Off the Grid
Every single time I've doomscrolled my way through Facebook and Twitter this year, my instinct has been pretty much the same: write something about how The World is Terrible and Everything Sucks.
Only, here we are: the world is really terrible right now. There's not any solid leadership, there's no news that you can trust, and your social media is programmed to make you scared and keep you sick. That's a fact. I've had to pick and choose what is important to me as far as media consumption goes.
I deleted the Facebook app off of my phone, logging in only from the computer, only during work hours. I decided to do the same with Twitter, only checking in on it once every couple hours if I'm on the computer.
And I know now that getting my news from social media is making me anxious, sure; but it's also ruining my day before I get going. And it's already hard enough for me to get going. I'm not used to *wanting* to get going.
But here we are. I can wake up, pee, have some coffee, and relax. Eventually I will feel relaxed, too.
Everything has changed this year. I'm so tired of being in Ohio, but I understand why I need to stay in Ohio. I miss traveling and going to shows, but also recognize that without that distraction this year, I've been able to link into those terrified, hurting parts of myself and I needed to do that.
But everything does not suck. My husband has been a delight to be quarantined with. We've been together six years now; our fourth anniversary is coming up soon. This is the first time I haven't felt sick and terrified. He's the only person I see consistently, and I'm fine with that. We've done less partying and traveling, and more working on creative projects together. It's scary, but I trust him.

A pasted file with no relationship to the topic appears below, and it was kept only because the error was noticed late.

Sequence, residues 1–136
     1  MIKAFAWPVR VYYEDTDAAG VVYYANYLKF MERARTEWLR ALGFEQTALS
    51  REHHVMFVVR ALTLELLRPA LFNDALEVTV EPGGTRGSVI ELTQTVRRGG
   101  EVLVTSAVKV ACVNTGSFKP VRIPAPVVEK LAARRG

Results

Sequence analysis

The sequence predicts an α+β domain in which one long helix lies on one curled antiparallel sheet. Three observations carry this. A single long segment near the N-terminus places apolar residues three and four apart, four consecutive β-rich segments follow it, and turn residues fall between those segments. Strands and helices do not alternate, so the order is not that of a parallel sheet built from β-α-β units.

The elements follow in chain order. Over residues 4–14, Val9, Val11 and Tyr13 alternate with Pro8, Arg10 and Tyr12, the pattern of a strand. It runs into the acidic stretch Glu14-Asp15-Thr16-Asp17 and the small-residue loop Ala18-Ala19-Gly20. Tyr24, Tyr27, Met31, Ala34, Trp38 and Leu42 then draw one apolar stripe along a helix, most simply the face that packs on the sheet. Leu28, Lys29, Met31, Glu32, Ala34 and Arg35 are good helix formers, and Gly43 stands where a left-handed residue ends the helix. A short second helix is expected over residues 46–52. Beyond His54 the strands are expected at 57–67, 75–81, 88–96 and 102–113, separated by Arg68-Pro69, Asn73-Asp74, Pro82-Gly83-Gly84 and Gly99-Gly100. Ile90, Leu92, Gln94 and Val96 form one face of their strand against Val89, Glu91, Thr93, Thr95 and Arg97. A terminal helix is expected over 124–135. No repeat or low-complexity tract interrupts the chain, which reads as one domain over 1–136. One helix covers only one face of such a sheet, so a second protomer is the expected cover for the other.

I've found my voice again during quarantine. Like, literally. And now I rarely shut up, unless I'm around people I don't really want to talk to. I'm still really bad at that. I don't know if that will ever change.
I still have horrible anxiety at night. I still can't sleep. But...it's been like that since I was a kid. I still struggle with self worth and believing in what my brain is telling me:
You're ok now. You're safe. You're happy.
Your life is so kick ass, enjoy it!
Jesus, girl, your photos. So moody. So good.
Share your story with the world.
But now, I at least know that that voice is there. And that's my voice. And I'll eventually meet it on the other side of Old Trauma Mountain. Then, who knows what's next.
And that kind of thinking is perfect for a time where we literally don't know what's next. Because who the fuck knows what's going on in the world around me. All I can control is my reaction to things, and what I choose to do for myself.
I think I'll choose to do another day of this.